Asian Infrastructure Investment Bank: Threat to the Financial System?
Despite China’s strong and consistent economic growth, there have been two areas that are clearly understood to be American-dominated spheres–military and finance. While America still holds a large lead over other countries in terms of military power–at least based on money spent–that other sphere of power may be waning. Although China has long been dismissed as lacking in infrastructure and innovation, that belief is likely about to change. With the formation of the Asian Infrastructure Investment Bank, China is throwing itself into the financial arena. Read on to learn about China’s latest push for superpower status that has the potential to change the global financial system that has been in place since WWII, and casts into question the future of who controls the world’s purse strings.
History of the Current System
The history of the modern financial system began in 1944. While WWII still raged, representatives from the Allied powers met to decide the future of the global financial system. The result of this was the Bretton Woods Agreement, named after the town in New Hampshire where the meeting was held.
Bretton Woods Agreement
This agreement essentially pegged global currencies to the U.S. dollar. Countries were required to maintain a fixed exchange rate with the U.S., buying up dollars if their currency was too low and printing more money if their currency’s value was too high. It was a basic concept of supply and demand, but with physical currency.
This, in effect, made the United States the preeminent global economic world power. It also relied on the relationship between U.S. dollars and gold, because the dollar itself was tied to a gold standard. However, the Bretton Woods system came crashing down in 1971 when the U.S. experienced something known as stagflation–when a country simultaneously sees a recession and inflation–and was forced to abandon the gold standard. In an unforeseen result, the rising demand for the dollar had made it more valuable even though its value was pegged to a certain amount of gold. The resulting disparity led to shortage and the need to scrap the existing system. Despite the end of the Bretton Woods system, two of its guarantor agencies, the International Monetary Fund (IMF) and World Bank, survived and continue to this day.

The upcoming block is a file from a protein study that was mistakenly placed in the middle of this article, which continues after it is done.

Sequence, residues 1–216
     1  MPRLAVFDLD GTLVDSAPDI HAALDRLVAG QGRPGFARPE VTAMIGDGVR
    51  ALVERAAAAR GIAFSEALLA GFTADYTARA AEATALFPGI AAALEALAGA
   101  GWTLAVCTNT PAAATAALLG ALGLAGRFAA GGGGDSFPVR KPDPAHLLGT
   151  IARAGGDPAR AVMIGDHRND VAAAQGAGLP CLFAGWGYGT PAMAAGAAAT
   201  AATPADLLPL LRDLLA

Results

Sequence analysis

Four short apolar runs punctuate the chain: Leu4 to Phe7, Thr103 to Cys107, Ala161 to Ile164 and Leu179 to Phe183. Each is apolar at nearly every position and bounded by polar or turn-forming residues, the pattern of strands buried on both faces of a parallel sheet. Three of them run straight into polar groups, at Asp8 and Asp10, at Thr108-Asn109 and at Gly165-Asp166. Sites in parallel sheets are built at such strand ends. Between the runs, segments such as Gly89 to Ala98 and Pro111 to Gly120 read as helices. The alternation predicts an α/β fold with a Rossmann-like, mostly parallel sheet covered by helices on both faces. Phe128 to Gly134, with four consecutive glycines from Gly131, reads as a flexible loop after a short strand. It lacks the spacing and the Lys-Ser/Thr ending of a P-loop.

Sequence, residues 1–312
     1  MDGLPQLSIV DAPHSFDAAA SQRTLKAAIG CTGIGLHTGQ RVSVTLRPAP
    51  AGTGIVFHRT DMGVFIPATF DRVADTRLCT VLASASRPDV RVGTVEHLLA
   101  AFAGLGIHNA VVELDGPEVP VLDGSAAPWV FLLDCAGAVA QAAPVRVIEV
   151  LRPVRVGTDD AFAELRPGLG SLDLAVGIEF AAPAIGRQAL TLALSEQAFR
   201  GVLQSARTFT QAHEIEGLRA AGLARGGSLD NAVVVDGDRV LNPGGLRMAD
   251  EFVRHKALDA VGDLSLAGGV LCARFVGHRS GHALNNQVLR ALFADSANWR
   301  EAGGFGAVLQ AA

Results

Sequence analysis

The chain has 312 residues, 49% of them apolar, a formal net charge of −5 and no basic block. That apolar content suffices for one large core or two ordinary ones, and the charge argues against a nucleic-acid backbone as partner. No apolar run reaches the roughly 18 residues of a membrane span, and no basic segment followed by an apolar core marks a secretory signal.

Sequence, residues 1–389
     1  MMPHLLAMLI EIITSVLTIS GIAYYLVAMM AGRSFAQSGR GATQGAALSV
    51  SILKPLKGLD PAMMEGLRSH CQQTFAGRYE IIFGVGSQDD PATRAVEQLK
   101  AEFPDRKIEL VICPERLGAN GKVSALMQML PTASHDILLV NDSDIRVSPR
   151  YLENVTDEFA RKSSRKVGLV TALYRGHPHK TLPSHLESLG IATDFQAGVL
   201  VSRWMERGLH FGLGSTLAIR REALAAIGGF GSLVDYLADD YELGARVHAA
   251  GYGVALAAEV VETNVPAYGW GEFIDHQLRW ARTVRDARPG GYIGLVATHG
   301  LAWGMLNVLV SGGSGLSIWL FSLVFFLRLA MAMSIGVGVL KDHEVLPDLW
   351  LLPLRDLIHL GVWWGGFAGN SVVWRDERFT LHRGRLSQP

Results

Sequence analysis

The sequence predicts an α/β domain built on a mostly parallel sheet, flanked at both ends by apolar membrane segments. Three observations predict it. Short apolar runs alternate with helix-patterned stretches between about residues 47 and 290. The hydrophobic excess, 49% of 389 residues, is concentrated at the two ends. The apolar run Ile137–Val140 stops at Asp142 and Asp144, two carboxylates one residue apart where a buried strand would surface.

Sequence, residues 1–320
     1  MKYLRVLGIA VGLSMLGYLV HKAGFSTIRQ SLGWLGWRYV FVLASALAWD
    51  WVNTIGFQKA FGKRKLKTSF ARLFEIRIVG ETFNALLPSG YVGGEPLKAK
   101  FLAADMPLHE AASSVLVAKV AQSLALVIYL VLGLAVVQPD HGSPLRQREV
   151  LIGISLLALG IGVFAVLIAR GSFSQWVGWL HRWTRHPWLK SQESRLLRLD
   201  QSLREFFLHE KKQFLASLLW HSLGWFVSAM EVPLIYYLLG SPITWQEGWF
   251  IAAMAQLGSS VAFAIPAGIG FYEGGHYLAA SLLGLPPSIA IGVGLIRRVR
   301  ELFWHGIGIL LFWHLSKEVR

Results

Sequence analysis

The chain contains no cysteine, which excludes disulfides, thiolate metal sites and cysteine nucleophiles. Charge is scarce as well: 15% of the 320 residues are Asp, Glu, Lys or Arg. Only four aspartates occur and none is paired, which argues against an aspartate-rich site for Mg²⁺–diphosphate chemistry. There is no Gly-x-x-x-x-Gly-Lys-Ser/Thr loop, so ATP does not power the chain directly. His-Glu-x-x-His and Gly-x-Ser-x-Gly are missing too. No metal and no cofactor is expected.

The IMF was created as part of the Bretton Woods agreement. Its original purpose was to help countries adjust their balance of payments with regard to the dollar, which was the reserve currency. Once the gold standard was abandoned, the IMF offered members a variety of floating currency options, excluding pegging the value of currency to gold. Additionally, the 1970s saw the beginning of the Structural Adjustment Facilities, which are loans out of a trust fund offered by the IMF to countries. The IMF was instrumental in guiding a number of countries, particularly developing ones, through a series of crises including the oil shocks in the 1970s and the financial crisis in 2008.
The World Bank was originally known as the International Bank for Reconstruction when it was created as part of the Bretton Woods Agreement. Initially, the bank was created to help with reconstruction in Europe, with its first loan going to France in 1947. However, over time and following the collapse of the Bretton Woods system, it has changed its focus to fighting poverty. The World Bank’s footprint has also expanded from a single office in Washington, D.C., to offices all over the world, and it is now made up of five different development institutions. Like the IMF, it has also tackled issues as they have arisen over the decades, such as social and environmental challenges.
Criticisms of the IMF and World Bank
Although the IMF and World Bank have survived for more than 70 years, they have faced extremely harsh criticism. The IMF has been criticized far and wide. Mostly the criticisms boil down to the conditions upon which the IMF grants loans. Namely, many people believe the IMF intervenes too much in a country’s operations by forcing it to meet arduous standards before it will be given a loan. The problem here is there is no one-size-fits-all way for countries to operate and the parameters the IMF sets are sometimes seen as more detrimental to a country than its existing financial situation. There are also accusations of supporting corrupt regimes and a lack of transparency.